Braekel Chicken: The Old European Breed
The Braekel Chicken or Brakel dates back to 1416, making it one of the oldest European chicken breeds. Cross breeding has caused the demise of the two original types; a light type from the Kempen region of Belgium, and a large variety from Flanders. With limited breeding stock the two were blend beyond distinction into only one type in more modern times.
This breed is quite similar to the Campine. Descendants of the Kempische Brakel are in existence today in the US, UK and Australia, though they are called Campine. Hen feathering in the cock and a lower weight are the most obvious differences between the true Braekel chicken and Campine.
The breed does have a Bantam version.
Braekel, The Facts:
Class: Medium to heavy layer also Bantam
Size: Standard Male: 7 Ibs. / Standard Female: 6 Ibs. / Bantam Male: 3.3 lb. / Female: 2 lbs + or -
Comb, Wattles & Earlobes: White ear lobes with tall single tipped comb. Red comb and wattles in both sexes.
Color: Less common varieties are lemon, white-barred gold, barred white, white, black and blue, most common are silver and gold.
Place of Origin: Belgium
Conservation Status: Rare
This breed was not designed for meat, but for egg production, producing 180 to 200 white eggs a year; the Bantam variety strictly for show, though they can produce 35-40 gram eggs and are consistent layers. The breed has been called: “The Everyday Layer”, “The Nun’s Hen” and “Grey White Neck”.
The most striking characteristic of the bird is a solid colored neck, gold and silver being most readily available, and a distinct banding or barring of the main body in similar, but darker tones. Non-barred varieties existed at one time but are considered extinct. Though working toward perfection the barring of the bantam variety has not yet reached the perfection of the original standard type.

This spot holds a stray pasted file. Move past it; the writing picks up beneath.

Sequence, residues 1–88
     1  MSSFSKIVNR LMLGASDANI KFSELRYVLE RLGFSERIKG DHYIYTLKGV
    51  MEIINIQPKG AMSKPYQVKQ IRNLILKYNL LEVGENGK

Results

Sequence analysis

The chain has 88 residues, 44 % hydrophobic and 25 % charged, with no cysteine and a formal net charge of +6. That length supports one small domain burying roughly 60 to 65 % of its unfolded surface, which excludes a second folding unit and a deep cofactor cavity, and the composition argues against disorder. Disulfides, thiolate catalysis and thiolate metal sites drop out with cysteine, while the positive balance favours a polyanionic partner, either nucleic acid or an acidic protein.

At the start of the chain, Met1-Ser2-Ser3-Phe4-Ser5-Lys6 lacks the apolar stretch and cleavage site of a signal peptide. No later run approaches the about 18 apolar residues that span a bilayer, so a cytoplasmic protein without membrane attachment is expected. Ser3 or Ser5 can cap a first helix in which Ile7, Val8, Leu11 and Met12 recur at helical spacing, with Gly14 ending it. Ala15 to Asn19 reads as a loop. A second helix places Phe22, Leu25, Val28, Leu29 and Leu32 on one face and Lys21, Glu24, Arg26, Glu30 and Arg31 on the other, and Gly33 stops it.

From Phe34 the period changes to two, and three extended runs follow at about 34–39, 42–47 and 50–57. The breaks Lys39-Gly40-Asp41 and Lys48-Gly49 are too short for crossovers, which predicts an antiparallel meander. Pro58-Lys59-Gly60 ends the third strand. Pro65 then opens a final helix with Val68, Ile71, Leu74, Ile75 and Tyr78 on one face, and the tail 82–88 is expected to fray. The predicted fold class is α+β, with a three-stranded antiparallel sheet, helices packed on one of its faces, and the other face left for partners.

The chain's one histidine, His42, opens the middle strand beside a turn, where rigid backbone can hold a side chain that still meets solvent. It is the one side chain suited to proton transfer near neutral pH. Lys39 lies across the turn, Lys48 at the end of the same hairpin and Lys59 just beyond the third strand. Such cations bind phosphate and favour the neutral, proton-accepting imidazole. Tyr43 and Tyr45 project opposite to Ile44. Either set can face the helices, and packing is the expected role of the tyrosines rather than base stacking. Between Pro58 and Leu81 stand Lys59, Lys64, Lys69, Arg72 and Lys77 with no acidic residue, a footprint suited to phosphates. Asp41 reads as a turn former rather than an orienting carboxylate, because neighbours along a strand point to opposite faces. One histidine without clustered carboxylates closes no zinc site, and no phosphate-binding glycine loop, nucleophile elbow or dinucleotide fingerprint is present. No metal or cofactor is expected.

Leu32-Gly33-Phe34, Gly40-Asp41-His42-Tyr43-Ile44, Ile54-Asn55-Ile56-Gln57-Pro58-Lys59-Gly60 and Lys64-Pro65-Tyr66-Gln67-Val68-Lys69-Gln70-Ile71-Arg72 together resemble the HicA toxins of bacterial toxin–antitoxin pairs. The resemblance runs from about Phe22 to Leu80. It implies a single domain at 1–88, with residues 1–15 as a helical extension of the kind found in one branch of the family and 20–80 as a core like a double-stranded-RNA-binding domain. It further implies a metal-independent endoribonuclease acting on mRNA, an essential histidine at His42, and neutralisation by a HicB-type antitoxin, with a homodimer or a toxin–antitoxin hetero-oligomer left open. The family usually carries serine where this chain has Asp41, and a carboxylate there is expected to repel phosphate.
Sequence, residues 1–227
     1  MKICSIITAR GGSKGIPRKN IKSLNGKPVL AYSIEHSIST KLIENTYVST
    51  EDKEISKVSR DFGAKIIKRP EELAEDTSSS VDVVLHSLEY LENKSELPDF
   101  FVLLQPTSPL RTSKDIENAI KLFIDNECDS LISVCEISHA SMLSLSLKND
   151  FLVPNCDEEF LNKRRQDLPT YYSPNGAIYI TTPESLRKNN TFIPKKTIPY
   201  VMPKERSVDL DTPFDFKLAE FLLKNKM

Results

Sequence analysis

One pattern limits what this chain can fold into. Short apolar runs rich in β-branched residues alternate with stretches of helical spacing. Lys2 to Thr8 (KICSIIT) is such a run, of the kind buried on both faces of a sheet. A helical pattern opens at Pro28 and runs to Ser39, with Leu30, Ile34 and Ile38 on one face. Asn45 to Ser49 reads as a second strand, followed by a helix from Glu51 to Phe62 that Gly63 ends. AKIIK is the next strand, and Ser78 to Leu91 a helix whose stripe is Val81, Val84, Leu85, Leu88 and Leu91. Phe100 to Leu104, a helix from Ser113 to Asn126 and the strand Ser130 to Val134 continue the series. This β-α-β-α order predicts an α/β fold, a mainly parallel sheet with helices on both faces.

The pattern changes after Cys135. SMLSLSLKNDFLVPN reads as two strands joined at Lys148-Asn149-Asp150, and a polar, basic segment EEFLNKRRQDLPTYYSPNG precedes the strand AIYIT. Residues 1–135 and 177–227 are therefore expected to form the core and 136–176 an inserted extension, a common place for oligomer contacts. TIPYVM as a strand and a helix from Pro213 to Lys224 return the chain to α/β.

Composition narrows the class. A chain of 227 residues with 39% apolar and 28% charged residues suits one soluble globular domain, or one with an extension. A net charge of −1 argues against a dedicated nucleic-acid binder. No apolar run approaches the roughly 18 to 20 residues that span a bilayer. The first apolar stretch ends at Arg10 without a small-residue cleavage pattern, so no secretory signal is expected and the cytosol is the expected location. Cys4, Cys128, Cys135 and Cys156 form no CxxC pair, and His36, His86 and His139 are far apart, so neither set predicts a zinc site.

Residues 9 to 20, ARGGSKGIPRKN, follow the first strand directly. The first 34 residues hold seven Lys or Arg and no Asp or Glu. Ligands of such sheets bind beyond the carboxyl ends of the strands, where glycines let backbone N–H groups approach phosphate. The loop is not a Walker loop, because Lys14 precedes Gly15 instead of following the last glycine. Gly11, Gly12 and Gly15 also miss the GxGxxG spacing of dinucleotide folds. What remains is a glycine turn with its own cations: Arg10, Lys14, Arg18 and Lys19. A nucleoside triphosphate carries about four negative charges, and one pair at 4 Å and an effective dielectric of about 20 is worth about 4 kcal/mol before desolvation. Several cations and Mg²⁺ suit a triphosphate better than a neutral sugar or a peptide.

The Bantams should be a miniature of the standard in all aspects including: rectangular shape that includes deep breasts and abdomens, deeply dark eyes and blue slate shanks.
This breed is still considered a rare, and often very rare, breed. Due to hard times during and after the Second World War that caused serious decline in the number of viable flocks, the breed was pushed to its limits of near extinction.
The first of these Bantams appeared on the show scene in Holland, 1933, from breeders in Holland and Northern Belgium that exhibited one trio of silvers. The bantam variety was not reported seen in public exhibition again until 1952, when there was a Flemish entry of eight Bantam Braekel.
Though Bantams are a heavy Bantam they are very active and capable of flight, making it recommendable to keep them in a covered yard.
Once numerous across Belgium, Germany and Holland, few breeders can now be found.
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